Oak bracket is one I posted about almost exactly a year ago during a visit to Suffolk. It also goes by the name of weeping conk, with a scientific name of Pseudoinonotus dryadeus. It’s a parasitic species, which means that this tree may be suffering some internal, ‘mechanical’ trouble. I hope not because it’s one of the largest in the area and is right next to a path. This makes it much higher up the chopping order if public health might be deemed to be at risk. I will never forget being taught that trees weren’t a hazard until we showed up.
This is a very attractive fungus, if you like a dough that drips caramel. It grows at a fairly critical part of the tree, where it meets the ground. It’s crucial because the tension of the roots holding the trunk upright.
Look into those hundreds of caramel eyes and tell me this is not one of the most beautiful fungi out there.
Later that evening I cycled out to the countryside on what was the end of a September heatwave. The landscape was very dry and smelly. I could smell the manure from my house two miles away in the daytime. That evening I became acquainted with the stench up close – muck spreading in the fields. It was absolutely rank, undoubtedly made far worse by the heat and lack of rain.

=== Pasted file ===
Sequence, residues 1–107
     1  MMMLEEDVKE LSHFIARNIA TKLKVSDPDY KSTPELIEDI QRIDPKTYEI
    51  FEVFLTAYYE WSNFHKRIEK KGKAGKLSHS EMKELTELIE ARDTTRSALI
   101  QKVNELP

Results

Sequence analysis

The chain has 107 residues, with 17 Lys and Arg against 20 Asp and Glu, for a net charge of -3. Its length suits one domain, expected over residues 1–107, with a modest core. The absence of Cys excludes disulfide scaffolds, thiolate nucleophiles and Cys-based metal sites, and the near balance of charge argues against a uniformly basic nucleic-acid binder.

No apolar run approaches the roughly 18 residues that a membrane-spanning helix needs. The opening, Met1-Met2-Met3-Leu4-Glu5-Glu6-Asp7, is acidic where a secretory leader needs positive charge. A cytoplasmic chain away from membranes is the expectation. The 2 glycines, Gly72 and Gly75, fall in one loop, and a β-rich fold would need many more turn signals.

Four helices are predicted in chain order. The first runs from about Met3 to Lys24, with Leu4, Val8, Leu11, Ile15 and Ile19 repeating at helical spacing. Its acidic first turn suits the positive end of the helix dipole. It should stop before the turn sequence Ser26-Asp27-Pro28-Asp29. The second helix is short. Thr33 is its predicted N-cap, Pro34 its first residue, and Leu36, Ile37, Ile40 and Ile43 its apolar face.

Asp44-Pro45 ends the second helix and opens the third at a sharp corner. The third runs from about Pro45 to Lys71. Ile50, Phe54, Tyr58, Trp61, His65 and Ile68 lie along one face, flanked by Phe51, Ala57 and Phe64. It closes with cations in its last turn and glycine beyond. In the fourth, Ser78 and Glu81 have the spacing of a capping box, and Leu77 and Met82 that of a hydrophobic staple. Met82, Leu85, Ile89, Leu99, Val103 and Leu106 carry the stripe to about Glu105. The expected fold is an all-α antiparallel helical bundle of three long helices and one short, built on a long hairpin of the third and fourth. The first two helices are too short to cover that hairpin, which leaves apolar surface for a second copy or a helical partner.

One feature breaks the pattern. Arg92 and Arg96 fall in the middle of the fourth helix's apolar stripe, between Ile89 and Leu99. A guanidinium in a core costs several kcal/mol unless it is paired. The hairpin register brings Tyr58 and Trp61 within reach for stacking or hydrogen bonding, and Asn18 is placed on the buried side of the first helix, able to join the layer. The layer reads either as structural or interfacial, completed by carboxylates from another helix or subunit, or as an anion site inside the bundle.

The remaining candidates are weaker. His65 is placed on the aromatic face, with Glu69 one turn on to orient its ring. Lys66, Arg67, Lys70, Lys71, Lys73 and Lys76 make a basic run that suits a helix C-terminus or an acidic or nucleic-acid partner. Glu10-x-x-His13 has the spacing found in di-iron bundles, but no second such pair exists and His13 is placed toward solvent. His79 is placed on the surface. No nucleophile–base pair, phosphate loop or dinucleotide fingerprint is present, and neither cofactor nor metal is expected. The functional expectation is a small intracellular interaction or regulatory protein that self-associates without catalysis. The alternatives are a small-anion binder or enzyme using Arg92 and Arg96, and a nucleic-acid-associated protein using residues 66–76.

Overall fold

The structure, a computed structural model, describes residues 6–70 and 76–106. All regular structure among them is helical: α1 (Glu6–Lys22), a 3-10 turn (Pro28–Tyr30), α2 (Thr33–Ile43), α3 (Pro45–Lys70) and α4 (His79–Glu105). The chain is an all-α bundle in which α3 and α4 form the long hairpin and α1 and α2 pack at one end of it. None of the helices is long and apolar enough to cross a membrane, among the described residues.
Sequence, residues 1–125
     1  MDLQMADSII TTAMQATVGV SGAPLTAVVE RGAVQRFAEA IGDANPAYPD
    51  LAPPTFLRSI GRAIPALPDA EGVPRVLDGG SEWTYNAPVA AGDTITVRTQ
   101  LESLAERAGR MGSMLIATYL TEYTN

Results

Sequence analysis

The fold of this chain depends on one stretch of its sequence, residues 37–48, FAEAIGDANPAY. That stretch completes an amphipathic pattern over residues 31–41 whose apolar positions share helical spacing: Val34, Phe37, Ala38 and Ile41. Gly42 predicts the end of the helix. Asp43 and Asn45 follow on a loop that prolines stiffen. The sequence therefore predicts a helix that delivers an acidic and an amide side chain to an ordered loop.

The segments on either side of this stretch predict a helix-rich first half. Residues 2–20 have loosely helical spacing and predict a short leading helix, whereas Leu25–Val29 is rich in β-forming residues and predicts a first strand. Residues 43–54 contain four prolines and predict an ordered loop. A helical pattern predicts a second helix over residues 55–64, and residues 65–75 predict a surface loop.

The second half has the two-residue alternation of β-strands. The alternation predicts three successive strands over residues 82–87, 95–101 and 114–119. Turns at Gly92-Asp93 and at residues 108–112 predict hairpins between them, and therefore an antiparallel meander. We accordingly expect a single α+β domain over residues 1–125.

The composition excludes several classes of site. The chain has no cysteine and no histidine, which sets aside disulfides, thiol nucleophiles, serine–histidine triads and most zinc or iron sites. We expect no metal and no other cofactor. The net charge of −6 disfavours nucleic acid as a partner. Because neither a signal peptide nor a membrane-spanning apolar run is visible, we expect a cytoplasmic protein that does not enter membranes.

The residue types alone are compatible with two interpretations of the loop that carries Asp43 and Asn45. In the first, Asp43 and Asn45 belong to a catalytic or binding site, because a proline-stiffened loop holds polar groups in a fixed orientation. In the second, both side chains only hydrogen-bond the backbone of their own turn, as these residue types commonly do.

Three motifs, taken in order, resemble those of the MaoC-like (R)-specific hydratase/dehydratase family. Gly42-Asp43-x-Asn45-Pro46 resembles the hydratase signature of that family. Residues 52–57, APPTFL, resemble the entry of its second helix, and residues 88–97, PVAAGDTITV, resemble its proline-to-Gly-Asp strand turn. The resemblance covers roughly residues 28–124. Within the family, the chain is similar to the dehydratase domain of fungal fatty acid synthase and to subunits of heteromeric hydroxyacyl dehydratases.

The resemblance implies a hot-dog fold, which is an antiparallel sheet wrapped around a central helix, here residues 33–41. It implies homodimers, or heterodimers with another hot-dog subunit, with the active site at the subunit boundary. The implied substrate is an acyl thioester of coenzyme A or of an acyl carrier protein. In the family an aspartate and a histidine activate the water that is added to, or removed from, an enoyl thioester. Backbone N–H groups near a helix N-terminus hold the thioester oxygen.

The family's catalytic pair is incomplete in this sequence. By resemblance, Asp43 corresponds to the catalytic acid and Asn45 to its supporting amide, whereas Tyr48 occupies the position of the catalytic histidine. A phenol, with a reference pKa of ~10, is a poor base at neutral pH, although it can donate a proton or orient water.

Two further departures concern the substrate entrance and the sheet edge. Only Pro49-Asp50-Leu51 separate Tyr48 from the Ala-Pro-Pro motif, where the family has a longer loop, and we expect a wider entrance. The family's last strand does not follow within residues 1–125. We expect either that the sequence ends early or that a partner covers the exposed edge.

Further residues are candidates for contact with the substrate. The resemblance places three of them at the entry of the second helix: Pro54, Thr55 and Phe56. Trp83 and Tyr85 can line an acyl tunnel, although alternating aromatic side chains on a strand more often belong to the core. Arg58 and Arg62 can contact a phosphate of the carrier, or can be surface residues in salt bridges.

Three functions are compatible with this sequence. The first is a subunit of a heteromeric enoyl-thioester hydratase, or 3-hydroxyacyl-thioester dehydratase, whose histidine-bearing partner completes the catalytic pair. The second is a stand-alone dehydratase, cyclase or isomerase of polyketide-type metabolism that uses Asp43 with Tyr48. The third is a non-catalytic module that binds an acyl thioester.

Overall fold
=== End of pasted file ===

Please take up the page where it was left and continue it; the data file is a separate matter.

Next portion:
My route took me past the 800-year-old Sun Oak. Like the large oak I saw earlier that morning, this tree was also home to a charismatic polypore fungus.
This red button is a beefsteak fungus, Fistulina hepatica. It may also have been a red button – do not press the red button. Unless you want to continue watching this programme (BBC joke).
Oh go on then.
In reality this fungus will grow out to form something that looks like a human bodily organ (hepatica). It’s often on oak or sweet chestnut, especially more mature trees. It’s another parasitic species but it’s said to grow too slowly to ever cause the tree structural problems. We should remember that these fungi have been growing with their hosts for potentially millions of years. It’s the impact we have had on their habitats that have made the trouble. Check yourself before you wreck everything else.